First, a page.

Across the road, the sea is a stormy grey, but some early surfers are enjoying their Sunday in the sea.
The sky, meanwhile, is a worrying blue-grey haze, not exactly reflecting the season of gaiety. After two blazingly hot days, the threat of rain looms over the Boxing Day Test but everyone here is hoping it rains over Christmas and that would be it for a while.
On Sunday, though, both the Indians and South Africans have placed their issues and worries on the backburner, it’s Christmas Eve and the Elangeni hotel here is a riot of colour. From Saturday evening on, there’s a sense of excitement and festivity in the air.
A play-pen as been created in the lobby, where Makhaya Ntini’s charmingly riotous young son is playing godfather to all the other kids who enter. There’s a big Christmas tree across from there, and as you walk by, beware — you might be accosted by a young man high on the spirit of the season (and whatever else), holding something he claims is mistletoe and asking for a kiss.
The Indian players, some of whom have their families with them, are looking refreshingly relaxed at breakfast.
They drift by in ones and twos, even as a large group of the Proteas, who have breakfasted together and seem more tense than their rivals, wave goodbye to the ‘magic man’ who has been showing them tricks, and to the rest of a packed breakfast room.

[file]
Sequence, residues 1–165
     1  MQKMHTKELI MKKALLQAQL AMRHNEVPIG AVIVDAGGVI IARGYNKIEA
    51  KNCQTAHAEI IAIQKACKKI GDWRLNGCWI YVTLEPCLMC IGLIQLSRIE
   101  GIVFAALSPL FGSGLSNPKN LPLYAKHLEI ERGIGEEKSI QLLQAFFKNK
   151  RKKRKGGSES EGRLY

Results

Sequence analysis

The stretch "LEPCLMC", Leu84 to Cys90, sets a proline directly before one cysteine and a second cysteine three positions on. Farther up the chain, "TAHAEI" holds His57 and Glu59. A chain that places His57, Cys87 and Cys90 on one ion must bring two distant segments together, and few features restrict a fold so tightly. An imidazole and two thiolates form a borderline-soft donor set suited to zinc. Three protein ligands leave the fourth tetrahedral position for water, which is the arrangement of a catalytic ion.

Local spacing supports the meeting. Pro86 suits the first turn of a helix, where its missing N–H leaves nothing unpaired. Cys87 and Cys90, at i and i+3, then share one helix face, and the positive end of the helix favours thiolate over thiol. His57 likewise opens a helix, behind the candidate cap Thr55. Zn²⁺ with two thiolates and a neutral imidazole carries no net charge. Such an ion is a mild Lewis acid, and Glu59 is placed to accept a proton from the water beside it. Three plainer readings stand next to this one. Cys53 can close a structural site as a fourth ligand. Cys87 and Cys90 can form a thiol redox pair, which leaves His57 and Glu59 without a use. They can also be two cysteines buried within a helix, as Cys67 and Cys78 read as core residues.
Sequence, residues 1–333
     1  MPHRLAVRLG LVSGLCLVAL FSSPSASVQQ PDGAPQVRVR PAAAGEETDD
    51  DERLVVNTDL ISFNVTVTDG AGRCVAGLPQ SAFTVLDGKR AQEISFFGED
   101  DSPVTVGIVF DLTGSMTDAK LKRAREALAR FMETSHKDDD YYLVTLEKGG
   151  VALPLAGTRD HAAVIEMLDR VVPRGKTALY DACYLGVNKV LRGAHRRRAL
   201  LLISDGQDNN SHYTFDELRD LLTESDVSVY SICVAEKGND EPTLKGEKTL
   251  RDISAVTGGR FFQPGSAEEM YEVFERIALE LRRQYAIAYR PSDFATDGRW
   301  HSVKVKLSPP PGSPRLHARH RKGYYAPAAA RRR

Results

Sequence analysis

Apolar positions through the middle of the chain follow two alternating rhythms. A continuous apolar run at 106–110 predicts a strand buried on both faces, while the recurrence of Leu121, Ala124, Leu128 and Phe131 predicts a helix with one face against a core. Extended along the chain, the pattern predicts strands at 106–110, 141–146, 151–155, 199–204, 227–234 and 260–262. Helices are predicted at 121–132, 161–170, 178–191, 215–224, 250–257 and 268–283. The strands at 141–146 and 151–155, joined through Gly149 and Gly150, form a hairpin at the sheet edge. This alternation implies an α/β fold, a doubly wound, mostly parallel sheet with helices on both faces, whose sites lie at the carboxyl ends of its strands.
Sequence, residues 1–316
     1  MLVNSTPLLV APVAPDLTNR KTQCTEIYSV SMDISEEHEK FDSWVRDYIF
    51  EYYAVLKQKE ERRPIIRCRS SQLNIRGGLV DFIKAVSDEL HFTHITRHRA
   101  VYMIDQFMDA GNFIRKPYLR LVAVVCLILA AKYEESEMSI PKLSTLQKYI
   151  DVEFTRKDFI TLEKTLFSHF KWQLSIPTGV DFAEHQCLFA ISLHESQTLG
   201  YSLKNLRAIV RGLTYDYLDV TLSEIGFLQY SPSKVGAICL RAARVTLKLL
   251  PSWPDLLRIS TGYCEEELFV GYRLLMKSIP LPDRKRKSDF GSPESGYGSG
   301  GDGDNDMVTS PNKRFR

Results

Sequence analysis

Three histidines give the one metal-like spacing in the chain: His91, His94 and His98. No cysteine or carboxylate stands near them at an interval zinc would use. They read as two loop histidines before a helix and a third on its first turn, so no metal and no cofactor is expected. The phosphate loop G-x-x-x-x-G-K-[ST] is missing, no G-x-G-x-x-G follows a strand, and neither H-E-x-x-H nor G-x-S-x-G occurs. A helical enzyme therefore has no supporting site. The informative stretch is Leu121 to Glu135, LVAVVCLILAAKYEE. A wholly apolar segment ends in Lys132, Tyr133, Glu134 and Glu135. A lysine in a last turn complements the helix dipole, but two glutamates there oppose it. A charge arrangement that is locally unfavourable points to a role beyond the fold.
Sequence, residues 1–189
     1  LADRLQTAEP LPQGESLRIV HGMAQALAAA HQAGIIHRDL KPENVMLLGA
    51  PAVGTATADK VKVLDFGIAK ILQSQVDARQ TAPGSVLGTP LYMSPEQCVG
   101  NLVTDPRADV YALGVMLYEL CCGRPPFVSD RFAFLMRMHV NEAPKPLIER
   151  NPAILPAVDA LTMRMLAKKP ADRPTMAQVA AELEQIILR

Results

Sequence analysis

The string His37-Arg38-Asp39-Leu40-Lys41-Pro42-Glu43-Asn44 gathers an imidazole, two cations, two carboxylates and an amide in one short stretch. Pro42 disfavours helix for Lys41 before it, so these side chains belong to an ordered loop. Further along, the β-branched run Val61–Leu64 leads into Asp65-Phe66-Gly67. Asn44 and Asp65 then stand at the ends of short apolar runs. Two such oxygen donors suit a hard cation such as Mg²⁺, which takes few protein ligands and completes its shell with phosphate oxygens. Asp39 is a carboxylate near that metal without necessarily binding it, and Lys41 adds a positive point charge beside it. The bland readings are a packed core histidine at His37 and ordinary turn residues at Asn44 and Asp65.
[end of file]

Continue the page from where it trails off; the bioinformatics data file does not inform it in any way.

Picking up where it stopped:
The South Africans, who have had far less practice than the Indians, are scheduled to have regular nets in the afternoon; for India, there is an optional practice session on Christmas morning.
But it’s been a gruelling couple of days in the sun and not everyone will go.
A few have planned a swim in the sea or some beach volleyball and in the evening, there’s an official function hosted by the Indian High Commission.
After that, Sreesanth and a couple of others (even though no one outside the coaching staff is actually Christian) are planning to attend Midnight Mass at one of the churches in town.
The South Africans, meanwhile, are having their annual Christmas Eve party at the hotel on Saturday night. They apparently have a quaint tradition, one that is supposed to encourage you to know your fellow man (or, in this case, cricketer) and bond. Each picks up a chit with someone’s name written on it and buys a Christmas present suited for whoever’s name is on it.
Many of them will go to mass later and as one of them said, “this year, we really gotta pray. It’s not often that we’re on the backfoot at home.”
True enough and India would know they have a huge advantage to play with while going into the second Test, which begins on Tuesday.
Monday, Christmas Day, will bring with it all the tensions that go with being match eve, so Sunday is being kept to celebrate the spirit of the season.
And pray for deliverance.